'These are the tell tale signs to watch out for on General Election night in London'

Counting staff count ballots at a counting centre in Methodist Central Hall, Westminster
-Credit: (Image: ISABEL INFANTES/AFP via Getty Images)


The General Election is looming, and Londoners are set to go to the polls later this week. Polling day is Thursday, July 4.

Polling stations will open across the city at 7am, and will close their doors at 10pm. As results start coming in, there are things that you can look out for to see where the wind is blowing, as Labour hopes to take seats from the Conservatives in the capital.

Firstly, of course, the exit poll will be released at 10pm. This is put together by questioning voters after they have cast their ballots, rather than before, and is a final prediction of the result.

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This will give an impression of what the swing (the difference between votes in seats this time round when compared to the last election in 2019) nationwide could be. But these have been wrong in the past.

In 1992, for example, the poll predicted that the Tories would be short of a majority. In the end, John Major managed to hold off a challenge from Neil Kinnock and return with a 21 seat advantage.

John Major shows his 'John' mug on the Conservative Party's campaign aircraft during the 1992 general election
John Major won an unexpected victory in 1992, defying the exit poll -Credit:Richard Baker / In Pictures via Getty Images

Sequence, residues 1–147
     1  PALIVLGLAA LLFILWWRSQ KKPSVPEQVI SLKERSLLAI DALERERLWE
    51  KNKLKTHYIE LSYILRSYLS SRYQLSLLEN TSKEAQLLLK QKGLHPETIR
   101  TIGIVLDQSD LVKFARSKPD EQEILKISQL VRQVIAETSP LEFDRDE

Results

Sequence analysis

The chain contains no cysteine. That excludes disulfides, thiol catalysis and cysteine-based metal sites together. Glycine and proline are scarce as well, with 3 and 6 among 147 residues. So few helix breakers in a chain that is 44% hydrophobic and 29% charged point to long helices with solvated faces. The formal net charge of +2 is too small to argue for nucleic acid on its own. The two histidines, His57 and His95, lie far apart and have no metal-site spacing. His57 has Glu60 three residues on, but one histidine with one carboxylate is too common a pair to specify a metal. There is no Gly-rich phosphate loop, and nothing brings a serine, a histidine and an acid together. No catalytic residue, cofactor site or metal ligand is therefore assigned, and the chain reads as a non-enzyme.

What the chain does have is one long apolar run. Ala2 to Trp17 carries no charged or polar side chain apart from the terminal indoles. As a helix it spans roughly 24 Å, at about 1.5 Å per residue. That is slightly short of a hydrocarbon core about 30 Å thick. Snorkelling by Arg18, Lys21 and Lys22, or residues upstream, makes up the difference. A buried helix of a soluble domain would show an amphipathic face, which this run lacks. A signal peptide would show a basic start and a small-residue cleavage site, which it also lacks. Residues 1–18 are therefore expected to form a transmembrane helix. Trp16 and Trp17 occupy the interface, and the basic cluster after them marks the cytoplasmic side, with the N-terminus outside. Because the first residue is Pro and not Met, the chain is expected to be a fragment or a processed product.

Experts suggest that Labour would need a uniform swing of around 13 per cent nationwide to overturn the Conservatives' majority in the House of Commons. This would be huge.

Keep an eye on first nationwide results

The first actual results will give us an indication as to whether the party has achieved this. Blyth and Ashington in the North East of England is expected to declare at 11.30pm.

The result at Houghton and Sunderland South is expected to be known slightly later at 11.45pm. Vote shares in these seats will be poured over, and their swings will give us our first solid hint as to what results could be in London.

Putney is thought to be the first seat in the city to declare - at 1.30am. Usually a solid Labour seat, it might nevertheless show us how much the issue of the Israel-Hamas conflict will eat into the party's share of the vote.

British opposition Labour Party leader Keir Starmer looks on as British Prime Minister Rishi Sunak speaks during the BBC's Prime Ministerial Debate
Keir Starmer is hoping to make gains in London -Credit:Phil Noble - WPA Pool/Getty Images

Then, as the night progresses, more and more declarations from London and across the country will made official. This will give us a clearer and clearer idea of who will be in charge of the UK for the next five years.

Seats most likely to flip

Below is a list of the seats worth keeping an eye on in London, with the lowest swings required for Labour to take them.

Seat

Swing required

Chingford and Woodford Green

Labour 2.6%

Chipping Barnet

Labour 2.1%

Cities of London and Westminster

Lib Dem 9.2% or Labour 12.7%

Hendon

Labour 7.7%

Kensington and Bayswater (new seat)

Labour 0.3%

Uxbridge and South Ruislip (last result by-election in 2023)

Labour 1.6%

Chingford and Wood Green, on the face of it, looks low hanging fruit from Labour. But, polling suggests that independent candidate, Faiza Shaheen, who was going to run for Labour, may split the vote and ensure former Tory leader Sir Iain Duncan Smith hangs on.

MyLondon talked to Sir Iain about the vote. You can read about it here.

We have also talked to the Tory and Labour candidates standing in Uxbridge and South Ruislip. You can read those interviews here and here respectively.

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